Trips walks users through building their own travel guide by combining photos with text and maps in a simple but flexible format. When you open the app, there's a big plus button at the bottom that starts the creation process. From there, you can select photos to add to the guide. The app uses geolocation tags to automatically group the pictures by location. The software also puts them in chronological order, though you can always rearrange them yourself.
While you could just hit publish and blast those photos out into the world, Lonely Planet included extensive options for adding captions, headers and text to your creation. It's all extremely intuitive, and there are only a few ways to customize the layout (tapping a photo to show it full bleed versus with a border around it, for example). After picking some photos, I had a quick journal built from my trip to Seattle and Vancouver earlier this month. Sure, the text wasn't terribly engrossing, but if I spent a little extra time on it I could have polished it into something pretty nice -- and a lot more in-depth than the average Instagram vacation photos.
With Trips' focus on photo sharing, it's easy to compare the app with Instagram and wonder how Lonely Planet will get people to use it. "We don't expect people to abandon other photo-sharing apps," CEO Daniel Houghton told Engadget. "We even built functionality in Trips so you can link back to your Instagram and show those photos. But this is a more in-depth product from a travel point of view." He's hoping that users put effort into the text, not just their photos. "Instead of posting one photo or blowing up your Instagram feed with 10 in a row you can do a gallery or write your own magazine-style travel story," Houghton said.
Of course, there are plenty of apps and services (Medium, Google Photos, VSCO's Journal) that let you build similar projects, but those don't have the specific travel focus of Lonely Planet. That focus on community is how Houghton sees Trips standing out. "If you do share your creations publicly, it all gets exposed to the rest of the community and hopefully encourages you to share more," Houghton said. "There's a lot to be said for being in a community of people specific to travel."
For starters, Trips lets users browse nine different categories for story submissions (road trips, adventure, cities, hiking and so on), though Houghton said that Lonely Planet will add more over time. When you pick a particular trip to view, you can save it to your favorites or follow the author. Eventually, once you follow enough people, your feed will start filling up with trips to explore. But it almost certainly won't ever be like Instagram, where users post multiple times per day. However, if you find the right set of travel junkies to follow, you could get a pretty active feed -- it just depends on whether or not Lonely Planet can attract people to its platform.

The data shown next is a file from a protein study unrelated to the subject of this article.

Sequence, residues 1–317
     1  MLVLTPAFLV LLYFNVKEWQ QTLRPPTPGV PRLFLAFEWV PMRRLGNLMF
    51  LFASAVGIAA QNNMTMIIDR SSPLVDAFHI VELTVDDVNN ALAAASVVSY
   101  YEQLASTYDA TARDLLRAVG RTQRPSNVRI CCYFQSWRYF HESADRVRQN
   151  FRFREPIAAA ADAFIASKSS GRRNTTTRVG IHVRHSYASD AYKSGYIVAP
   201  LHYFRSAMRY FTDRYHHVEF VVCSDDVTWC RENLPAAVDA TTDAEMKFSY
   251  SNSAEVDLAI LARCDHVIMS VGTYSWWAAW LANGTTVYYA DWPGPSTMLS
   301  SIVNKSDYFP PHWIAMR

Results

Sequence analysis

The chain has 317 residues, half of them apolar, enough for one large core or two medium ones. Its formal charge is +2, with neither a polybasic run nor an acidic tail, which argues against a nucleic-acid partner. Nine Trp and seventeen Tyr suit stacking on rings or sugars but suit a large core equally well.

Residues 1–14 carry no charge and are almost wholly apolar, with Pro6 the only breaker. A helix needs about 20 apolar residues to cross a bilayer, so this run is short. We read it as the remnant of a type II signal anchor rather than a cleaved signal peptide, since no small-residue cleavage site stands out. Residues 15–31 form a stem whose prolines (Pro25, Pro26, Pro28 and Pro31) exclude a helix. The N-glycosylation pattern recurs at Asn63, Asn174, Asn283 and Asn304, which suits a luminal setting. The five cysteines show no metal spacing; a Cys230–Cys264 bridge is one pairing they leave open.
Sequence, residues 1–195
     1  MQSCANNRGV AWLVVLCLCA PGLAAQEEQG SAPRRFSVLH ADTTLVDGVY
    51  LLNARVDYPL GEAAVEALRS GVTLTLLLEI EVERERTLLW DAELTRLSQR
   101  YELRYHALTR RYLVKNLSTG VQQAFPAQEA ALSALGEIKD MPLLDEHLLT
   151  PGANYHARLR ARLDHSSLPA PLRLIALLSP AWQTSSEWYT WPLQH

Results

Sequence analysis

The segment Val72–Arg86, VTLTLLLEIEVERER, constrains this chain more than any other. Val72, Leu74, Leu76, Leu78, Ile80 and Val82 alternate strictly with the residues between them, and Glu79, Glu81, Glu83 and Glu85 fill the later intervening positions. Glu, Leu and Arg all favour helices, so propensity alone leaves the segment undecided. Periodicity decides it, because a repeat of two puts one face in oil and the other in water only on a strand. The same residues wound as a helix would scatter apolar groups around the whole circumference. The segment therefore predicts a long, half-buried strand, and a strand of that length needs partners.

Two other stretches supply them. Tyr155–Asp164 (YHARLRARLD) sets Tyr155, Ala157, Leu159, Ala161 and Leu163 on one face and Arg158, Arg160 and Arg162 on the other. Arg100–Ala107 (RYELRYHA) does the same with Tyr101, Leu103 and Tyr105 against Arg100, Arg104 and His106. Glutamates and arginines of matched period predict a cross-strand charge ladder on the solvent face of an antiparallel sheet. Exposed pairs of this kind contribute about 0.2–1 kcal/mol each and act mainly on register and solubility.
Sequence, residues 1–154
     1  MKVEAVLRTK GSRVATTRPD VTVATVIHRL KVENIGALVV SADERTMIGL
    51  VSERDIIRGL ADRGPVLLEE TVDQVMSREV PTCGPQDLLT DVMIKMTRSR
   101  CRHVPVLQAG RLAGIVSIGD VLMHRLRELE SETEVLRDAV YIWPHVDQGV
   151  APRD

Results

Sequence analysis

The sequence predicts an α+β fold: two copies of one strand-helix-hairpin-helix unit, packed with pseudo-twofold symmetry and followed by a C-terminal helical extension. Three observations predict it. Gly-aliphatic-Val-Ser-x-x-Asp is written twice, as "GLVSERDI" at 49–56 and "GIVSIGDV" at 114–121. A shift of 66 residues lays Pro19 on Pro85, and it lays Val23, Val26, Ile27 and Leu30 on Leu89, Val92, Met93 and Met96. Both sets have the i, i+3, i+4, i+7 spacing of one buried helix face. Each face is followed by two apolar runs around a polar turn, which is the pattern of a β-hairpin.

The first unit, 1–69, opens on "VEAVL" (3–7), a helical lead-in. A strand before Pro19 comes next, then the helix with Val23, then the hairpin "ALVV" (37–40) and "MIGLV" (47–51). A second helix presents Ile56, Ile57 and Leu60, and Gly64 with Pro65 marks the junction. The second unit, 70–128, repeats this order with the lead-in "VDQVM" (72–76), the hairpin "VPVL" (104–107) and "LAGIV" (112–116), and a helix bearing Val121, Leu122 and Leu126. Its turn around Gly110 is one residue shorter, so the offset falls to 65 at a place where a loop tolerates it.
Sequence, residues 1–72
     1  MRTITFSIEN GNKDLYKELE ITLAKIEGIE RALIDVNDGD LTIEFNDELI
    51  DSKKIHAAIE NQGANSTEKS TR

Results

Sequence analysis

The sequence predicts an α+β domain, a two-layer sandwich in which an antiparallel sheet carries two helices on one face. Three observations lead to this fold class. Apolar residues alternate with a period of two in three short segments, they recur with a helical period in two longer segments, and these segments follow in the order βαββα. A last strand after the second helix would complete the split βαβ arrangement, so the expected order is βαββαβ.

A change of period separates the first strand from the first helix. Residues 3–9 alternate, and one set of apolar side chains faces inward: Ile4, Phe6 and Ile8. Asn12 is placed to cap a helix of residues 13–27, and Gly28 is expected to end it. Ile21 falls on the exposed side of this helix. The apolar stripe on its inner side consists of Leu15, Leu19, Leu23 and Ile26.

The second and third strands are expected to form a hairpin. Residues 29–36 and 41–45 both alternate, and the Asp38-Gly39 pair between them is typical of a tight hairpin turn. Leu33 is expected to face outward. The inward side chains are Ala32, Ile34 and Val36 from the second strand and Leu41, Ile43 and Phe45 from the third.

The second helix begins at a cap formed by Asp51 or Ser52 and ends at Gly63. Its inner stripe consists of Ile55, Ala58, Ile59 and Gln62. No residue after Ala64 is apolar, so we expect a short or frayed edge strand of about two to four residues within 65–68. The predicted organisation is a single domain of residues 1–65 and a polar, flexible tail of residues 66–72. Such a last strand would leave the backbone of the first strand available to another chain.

As one of Lonely Planet's first forays into user-generated content, Houghton is expecting the company's community to make the app a success. "We've never really had anything like this before, short of Thorn Tree, which has been around for 21 years," Houghton said, referring to Lonely Planet's long-established travel discussion board. "It's just a forum, but it's a successful one."
Getting those active users over to Trips might take some work, but Lonely Planet made it easy to jump into the app and start publishing. The company didn't put in unnecessary features, which makes the creation process quick. You can't do any photo editing in the app, for example: "Photo editors exist, people all have their favorites, and they integrate with Trip," Houghton said. "We didn't want to distract people from their process." And from a design standpoint, Trips looks nearly identical to the content found in Guides as well as what's on Lonely Planet's homepage; there's a simple consistency that makes the new app feel familiar.
Of course, things aren't perfect at launch. When adding photos to a story, it shows the most recent at the top. That's logical if you're in the middle of or just wrapping up a vacation that you want to post about. But for me, I had to do a lot of scrolling to get to some pictures worth sharing. If you have images that are months or years old, they won't be easy to find. Lonely Planet should definitely look into supporting the album structure in the iOS Photos app so images are easier to find. The test version of Trips that I tried also lacked a search feature; I've asked Lonely Planet when that'll be added but haven't heard back.
Ultimately, Trips is a well-designed app that can show off photos well, but that doesn't make it unique. What will make it stand out is if travelers start using it to show off their adventures in different ways than many already do on Instagram. But Lonely Planet is in the comfortable position of not needing this app to be a hit to survive. Even if it just ends up being an app used by frequent travelers who love to shoot on their phones, those users should have a good experience with it.